In Walker County, voters say ‘yes’ to budget proposal
by James Phillips
Sep 19, 2012 | 1954 views | 0 0 comments | 5 5 recommendations | email to a friend | print
Sgt. Ralph Williams, an investigator with the Walker County Sheriff’s Office, announces the arrival of representatives from area polling sites at the CHS Activities Center in Jasper Tuesday night. - Photo by: James Phillips.
Sgt. Ralph Williams, an investigator with the Walker County Sheriff’s Office, announces the arrival of representatives from area polling sites at the CHS Activities Center in Jasper Tuesday night. - Photo by: James Phillips.
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Walker County results were almost identical to statewide numbers in Tuesday’s vote on a proposed constitutional amendment.

A little less than 65 percent of voters in Walker County supported withdrawing $437 million from a state trust fund to help balance the General Fund budget for the next three years. With 46 of 47 precincts counted, 5,461 county residents voted for the amendment, while 2,964 voted against the idea. The remaining precinct was a handful of provisional votes. The results in Walker County were tabulated at the Community Health Systems Activities Center in downtown Jasper. It took almost two hours for votes from around the county to be returned.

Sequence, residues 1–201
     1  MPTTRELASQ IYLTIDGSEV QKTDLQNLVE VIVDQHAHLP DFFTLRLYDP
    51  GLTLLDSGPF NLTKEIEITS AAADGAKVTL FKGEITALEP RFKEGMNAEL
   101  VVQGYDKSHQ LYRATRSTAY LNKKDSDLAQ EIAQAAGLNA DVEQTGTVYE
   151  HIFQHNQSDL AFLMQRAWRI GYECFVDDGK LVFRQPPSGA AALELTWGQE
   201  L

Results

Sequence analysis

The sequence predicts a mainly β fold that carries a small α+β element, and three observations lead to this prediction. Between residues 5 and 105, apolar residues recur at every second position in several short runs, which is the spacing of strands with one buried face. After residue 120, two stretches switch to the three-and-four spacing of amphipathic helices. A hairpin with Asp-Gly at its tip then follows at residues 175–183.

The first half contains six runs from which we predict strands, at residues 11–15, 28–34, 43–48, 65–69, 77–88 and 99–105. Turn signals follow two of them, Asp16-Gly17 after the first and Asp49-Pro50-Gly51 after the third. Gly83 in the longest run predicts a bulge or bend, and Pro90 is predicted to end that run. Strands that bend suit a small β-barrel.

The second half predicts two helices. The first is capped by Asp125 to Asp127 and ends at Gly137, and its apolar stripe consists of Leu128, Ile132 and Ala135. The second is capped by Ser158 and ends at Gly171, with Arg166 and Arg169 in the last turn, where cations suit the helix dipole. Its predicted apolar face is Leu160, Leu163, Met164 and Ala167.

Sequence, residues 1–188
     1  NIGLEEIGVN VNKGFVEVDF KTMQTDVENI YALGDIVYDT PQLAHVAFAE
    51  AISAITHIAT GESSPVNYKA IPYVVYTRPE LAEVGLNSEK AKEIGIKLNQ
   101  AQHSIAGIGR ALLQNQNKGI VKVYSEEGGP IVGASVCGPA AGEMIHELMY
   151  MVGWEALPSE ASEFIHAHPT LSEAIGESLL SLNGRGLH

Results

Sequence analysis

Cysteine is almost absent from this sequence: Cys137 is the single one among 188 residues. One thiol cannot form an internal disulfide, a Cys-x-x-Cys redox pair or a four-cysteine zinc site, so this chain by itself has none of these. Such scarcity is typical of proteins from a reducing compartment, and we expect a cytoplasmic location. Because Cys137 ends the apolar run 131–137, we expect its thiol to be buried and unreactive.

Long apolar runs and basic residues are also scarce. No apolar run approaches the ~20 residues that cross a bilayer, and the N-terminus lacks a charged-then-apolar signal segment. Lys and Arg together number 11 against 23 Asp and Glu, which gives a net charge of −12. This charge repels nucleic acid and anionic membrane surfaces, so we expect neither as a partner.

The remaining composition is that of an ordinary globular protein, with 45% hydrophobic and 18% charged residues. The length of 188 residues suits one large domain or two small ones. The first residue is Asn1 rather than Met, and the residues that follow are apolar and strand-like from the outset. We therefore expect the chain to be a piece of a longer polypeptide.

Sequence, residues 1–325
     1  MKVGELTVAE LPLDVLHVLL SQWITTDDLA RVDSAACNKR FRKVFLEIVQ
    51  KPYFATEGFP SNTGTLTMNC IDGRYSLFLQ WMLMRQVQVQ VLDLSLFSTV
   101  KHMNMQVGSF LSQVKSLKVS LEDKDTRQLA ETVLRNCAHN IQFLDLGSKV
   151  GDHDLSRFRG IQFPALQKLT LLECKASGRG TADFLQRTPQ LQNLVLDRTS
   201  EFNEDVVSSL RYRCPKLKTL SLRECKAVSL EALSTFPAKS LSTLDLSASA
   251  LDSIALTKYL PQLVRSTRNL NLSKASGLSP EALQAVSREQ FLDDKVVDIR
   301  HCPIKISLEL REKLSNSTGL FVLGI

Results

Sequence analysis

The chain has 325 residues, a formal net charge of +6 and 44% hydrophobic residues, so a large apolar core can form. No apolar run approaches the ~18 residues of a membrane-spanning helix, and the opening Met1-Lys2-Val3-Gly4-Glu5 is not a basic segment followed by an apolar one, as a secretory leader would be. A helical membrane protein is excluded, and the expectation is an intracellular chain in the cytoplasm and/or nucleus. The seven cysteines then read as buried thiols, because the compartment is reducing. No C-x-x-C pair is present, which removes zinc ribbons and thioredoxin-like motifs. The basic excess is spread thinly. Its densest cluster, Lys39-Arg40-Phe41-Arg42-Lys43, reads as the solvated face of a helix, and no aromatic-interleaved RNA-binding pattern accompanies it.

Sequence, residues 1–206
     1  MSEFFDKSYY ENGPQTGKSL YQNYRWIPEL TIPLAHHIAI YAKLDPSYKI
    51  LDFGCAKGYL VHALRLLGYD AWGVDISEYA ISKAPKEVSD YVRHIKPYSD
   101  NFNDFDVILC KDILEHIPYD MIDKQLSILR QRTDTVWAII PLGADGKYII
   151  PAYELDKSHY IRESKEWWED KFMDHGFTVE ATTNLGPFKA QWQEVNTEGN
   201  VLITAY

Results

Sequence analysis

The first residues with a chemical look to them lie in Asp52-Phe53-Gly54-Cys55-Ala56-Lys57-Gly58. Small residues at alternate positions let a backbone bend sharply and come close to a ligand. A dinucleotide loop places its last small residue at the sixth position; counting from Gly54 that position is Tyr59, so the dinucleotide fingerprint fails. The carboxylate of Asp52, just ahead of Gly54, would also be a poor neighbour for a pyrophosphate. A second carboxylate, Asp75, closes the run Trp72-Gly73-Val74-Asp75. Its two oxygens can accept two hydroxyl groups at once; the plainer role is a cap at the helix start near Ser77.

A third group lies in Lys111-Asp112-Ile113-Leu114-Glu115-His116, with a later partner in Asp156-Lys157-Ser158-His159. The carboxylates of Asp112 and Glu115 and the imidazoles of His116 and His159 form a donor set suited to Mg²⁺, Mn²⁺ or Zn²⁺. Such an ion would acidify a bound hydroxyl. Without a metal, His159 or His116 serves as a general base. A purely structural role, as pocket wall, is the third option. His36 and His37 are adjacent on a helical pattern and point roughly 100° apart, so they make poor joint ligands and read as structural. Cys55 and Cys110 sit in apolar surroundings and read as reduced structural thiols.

The 8,425 votes cast in Tuesday’s single-issue election was 18.66 percent of Walker County’s registered voters.

Probate Judge Rick Allison said the local turnout was much higher than he expected.

“I expected it to be somewhere from 8 to 10 percent,” he said. “For this type of election, I think this was a good turnout.”

Allison said the voting process was smooth.

“We just didn’t see many problems at all,” he said.

Workers at some area polling sites were able to utilize some new technology during Tuesday’s vote. Allison said recently purchased iPads, programmed with the county’s voters list, were used at four polling areas.

“We received seven iPads, but we just got them in Monday,” Allison said. “I took them to four of our larger polling places and taught the workers how to use them. If there is a question about a voter, they can look it up on the iPads in just a few seconds.”

While setting up at the CHS Building Tuesday, Allison said he encountered a few voters who mistakenly showed up there to cast their ballots.

“I had one of the iPads with me, and I was able to look up their names and tell them where they needed to go to vote,” he said.